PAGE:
Man who provided Harold Pinter with a love nest
Barcelona is in Trouble
Greville Press, £10
Reviewed by Michael Knipe
HENRY WOOLF claims he hardly ever attended school. His perpetually unemployed father would tell him that the sole purpose of the British education system was to produce “millions of wage slaves and soldiers”.
“Always live in your head, Henrile,” said Woolf Sr, who spoke five languages and had trained as an accountant. “It’s the only safe place for a Jew to be.”
In spite of this paternal guidance, Henry Woolf went on to work in a public library, become a jobbing actor, a theatre director and, eventually, a university professor.
Most significantly, perhaps, while a 16-year-old pupil at Hackney Downs Grammar School in East London, Henry became the first person to recognise the essence of Harold Pinter’s talent as a writer. Furthermore, it was at his urging that Pinter wrote — in just two days — his first play, The Room, which Woolf produced and directed in 1957.
He remembers the audience “waking up from its polite cultural stupor and beginning to enjoy itself.” The critics of the period hated the play, he says, But “something special was going on. Something very funny and at the same time rather menacing. A new voice was speaking, and English theatre was never going to be the same again.”
It was Woolf who persuaded Pinter to publish his first novel, The Dwarfs, which Pinter had written at the age of 22. They remained friends and collaborators for life.
Now, aged 87 and retired from his professorship and head of drama at the University of Saskatchewan in Canada, Woolf has written, with a light, self-depreciating touch, a memoir of the life he has led through the past six decades, on and off the stage and often at the cutting edge of the oddball avant-garde theatre.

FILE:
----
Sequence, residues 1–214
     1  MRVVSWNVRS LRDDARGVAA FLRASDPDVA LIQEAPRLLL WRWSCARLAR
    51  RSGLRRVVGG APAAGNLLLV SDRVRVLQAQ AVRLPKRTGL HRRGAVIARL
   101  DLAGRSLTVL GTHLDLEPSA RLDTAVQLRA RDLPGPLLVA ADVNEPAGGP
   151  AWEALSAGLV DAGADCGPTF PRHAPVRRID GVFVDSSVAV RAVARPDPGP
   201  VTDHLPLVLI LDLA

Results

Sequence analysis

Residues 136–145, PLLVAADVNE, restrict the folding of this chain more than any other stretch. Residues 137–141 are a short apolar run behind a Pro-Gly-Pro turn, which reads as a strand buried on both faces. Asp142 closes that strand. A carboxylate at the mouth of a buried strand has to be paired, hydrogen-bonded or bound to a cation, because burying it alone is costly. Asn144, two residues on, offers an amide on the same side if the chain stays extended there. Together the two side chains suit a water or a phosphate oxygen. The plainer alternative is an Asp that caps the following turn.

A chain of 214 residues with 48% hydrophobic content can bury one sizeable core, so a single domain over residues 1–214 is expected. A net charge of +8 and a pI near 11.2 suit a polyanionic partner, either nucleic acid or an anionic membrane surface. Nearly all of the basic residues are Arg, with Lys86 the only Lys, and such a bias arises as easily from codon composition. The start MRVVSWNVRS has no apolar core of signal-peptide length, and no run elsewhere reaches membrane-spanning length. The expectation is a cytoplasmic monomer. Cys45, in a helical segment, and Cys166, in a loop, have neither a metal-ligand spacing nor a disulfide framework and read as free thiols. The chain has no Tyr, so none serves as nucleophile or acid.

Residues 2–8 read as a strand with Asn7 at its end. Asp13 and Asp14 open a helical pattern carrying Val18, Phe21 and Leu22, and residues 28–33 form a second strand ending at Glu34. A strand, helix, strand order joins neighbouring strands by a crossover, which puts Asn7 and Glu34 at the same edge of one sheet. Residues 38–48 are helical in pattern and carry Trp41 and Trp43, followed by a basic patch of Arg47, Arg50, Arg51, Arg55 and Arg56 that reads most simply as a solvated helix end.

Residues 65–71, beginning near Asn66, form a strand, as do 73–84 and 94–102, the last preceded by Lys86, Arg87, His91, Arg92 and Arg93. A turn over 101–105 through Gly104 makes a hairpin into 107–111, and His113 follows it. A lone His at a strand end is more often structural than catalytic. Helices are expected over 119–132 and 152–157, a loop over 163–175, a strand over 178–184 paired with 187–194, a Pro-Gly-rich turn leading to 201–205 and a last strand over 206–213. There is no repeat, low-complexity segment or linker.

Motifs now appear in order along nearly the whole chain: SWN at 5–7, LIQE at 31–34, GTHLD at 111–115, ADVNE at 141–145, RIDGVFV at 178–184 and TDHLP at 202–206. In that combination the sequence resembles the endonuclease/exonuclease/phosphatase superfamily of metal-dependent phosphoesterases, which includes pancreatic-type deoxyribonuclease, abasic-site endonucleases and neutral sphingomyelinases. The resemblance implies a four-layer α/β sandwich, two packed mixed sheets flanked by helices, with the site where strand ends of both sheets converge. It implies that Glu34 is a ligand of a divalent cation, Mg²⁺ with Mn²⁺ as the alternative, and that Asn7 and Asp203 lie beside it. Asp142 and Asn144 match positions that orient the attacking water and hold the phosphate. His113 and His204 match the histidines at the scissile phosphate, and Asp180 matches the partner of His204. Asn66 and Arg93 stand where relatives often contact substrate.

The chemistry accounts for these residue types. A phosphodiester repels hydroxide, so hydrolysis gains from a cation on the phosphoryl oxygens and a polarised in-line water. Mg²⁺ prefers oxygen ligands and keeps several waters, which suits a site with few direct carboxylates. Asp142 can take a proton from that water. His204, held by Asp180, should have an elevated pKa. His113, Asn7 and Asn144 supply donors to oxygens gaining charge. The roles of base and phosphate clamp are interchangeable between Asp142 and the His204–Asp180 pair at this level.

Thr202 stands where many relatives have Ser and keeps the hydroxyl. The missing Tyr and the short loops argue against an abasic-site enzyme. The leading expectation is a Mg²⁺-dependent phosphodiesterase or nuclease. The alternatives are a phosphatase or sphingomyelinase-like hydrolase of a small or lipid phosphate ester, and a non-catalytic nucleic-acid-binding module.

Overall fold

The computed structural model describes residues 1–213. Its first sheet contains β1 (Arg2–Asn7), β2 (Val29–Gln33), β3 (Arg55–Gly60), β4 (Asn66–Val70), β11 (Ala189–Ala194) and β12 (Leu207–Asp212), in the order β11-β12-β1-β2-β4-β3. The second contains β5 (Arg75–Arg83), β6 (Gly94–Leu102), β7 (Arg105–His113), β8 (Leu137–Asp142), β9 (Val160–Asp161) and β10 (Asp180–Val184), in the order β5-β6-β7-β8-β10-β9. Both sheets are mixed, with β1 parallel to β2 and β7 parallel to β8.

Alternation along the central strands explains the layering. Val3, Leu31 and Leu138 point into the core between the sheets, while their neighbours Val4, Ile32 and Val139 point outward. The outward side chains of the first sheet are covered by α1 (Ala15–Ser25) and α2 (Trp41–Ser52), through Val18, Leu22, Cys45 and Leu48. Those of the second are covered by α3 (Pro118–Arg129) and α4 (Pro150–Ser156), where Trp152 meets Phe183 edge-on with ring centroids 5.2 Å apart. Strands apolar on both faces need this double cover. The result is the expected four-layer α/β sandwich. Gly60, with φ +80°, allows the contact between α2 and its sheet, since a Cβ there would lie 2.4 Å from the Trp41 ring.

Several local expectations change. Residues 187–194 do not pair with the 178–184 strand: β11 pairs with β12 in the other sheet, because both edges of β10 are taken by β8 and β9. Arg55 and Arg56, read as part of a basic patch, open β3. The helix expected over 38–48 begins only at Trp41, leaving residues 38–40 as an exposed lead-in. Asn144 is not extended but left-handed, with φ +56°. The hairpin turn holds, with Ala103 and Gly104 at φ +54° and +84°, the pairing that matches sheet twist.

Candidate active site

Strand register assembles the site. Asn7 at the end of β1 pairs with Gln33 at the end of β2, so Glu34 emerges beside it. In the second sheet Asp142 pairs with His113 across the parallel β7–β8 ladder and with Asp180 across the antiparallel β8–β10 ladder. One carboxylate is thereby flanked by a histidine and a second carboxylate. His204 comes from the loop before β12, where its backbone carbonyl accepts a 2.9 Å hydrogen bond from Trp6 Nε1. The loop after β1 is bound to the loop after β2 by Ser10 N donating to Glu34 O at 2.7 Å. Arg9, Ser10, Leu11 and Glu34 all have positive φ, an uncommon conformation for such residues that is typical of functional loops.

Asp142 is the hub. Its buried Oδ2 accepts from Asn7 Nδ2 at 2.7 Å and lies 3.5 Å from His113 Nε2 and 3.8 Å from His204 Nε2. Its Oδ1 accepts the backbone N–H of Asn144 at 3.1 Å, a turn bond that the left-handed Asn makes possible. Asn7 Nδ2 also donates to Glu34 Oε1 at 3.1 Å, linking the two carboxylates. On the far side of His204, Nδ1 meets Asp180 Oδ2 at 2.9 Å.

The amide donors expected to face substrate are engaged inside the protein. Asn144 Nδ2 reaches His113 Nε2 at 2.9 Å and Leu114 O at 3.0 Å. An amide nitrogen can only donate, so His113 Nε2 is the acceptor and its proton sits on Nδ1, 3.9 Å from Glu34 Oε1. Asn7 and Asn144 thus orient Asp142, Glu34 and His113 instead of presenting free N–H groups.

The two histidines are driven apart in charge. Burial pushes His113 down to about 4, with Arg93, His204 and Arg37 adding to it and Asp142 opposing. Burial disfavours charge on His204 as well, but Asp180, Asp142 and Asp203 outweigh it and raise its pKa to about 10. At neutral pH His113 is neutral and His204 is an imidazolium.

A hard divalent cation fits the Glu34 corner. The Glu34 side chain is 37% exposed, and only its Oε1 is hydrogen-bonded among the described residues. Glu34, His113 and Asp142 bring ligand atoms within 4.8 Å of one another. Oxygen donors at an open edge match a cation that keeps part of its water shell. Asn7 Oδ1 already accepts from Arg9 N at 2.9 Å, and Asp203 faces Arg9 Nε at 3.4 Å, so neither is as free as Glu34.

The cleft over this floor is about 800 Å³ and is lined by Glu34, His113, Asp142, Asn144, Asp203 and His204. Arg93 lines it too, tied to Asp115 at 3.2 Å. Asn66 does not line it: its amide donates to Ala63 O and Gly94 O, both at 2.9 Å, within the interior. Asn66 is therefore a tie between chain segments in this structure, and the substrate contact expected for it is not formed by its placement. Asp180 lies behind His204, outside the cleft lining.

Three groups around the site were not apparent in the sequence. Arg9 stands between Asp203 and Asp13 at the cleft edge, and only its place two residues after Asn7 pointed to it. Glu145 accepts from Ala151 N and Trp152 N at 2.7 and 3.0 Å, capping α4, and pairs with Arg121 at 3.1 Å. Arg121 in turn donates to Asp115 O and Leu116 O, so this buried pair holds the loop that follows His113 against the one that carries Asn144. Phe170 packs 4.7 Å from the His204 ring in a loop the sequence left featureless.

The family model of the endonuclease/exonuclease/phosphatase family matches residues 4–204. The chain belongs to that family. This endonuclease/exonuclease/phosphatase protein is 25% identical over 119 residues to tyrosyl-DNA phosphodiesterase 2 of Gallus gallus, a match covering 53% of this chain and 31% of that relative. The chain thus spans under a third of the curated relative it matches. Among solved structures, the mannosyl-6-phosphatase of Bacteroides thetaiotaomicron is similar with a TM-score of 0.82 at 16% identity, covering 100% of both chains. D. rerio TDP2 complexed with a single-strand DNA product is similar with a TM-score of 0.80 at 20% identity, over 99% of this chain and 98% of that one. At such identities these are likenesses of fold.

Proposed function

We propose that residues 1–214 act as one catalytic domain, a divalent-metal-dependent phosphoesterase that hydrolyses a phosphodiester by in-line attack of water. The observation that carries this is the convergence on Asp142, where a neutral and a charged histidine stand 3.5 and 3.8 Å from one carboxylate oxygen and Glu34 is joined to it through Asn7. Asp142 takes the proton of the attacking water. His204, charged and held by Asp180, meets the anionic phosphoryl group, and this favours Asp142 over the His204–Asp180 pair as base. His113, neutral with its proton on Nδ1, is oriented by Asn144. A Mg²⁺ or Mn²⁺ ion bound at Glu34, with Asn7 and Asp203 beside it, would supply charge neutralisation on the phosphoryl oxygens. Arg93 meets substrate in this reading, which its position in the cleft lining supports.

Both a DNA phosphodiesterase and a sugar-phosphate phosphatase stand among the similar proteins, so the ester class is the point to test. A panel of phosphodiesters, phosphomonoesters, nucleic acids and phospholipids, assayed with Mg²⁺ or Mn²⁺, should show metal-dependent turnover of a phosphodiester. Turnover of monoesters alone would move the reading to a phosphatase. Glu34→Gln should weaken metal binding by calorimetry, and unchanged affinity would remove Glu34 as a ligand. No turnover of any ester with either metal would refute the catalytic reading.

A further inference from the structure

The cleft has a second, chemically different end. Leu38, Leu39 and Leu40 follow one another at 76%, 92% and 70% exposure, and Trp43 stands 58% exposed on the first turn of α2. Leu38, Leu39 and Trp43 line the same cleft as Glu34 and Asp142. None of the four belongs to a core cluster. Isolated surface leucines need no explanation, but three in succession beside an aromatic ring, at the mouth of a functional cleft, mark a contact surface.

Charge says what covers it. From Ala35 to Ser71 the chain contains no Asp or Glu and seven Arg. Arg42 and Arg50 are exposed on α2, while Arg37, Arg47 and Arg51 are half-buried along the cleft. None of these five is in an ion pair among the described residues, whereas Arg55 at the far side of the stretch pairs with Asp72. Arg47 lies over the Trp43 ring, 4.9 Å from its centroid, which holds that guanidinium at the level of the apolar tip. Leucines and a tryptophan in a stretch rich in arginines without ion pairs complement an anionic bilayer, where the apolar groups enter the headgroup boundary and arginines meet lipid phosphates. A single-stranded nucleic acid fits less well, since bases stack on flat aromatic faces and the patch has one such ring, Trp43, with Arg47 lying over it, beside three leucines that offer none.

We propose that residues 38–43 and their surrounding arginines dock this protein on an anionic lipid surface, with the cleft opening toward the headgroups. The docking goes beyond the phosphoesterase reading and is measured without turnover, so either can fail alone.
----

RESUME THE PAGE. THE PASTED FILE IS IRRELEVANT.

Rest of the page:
His tales are peppered with anecdotes involving the more esoteric members of the theatrical profession, such as Peter Brook, Ken Russell, Joan Littlewood, Anew McMaster, Peter Magee, Glenda Jackson and, of course, Pinter.
He tells of how he facilitated Pinter’s extramarital affair with Joan Bakewell, “who made every thinking man’s pulse quicken when she appeared on the nightly television programme, Late Night Line-up.”
But Woolf’s most amusing episodes are those centred on his own Pinteresque personality. He loved solitude and the primitive squalor of living in bed-sitters in the 1960s so much that, when first married, he asked his wife if he could go back to the bedsitting room he used to live in and just sit there for an afternoon.
Michael Knipe is a former foreign correspondent of ‘The Times’ Rag and bonus: Henry Woolf (left) with Harry H Corbett and Wilfrid Brambell in a 1974 episode of BBC TV’s classic comedy,
Steptoe and Son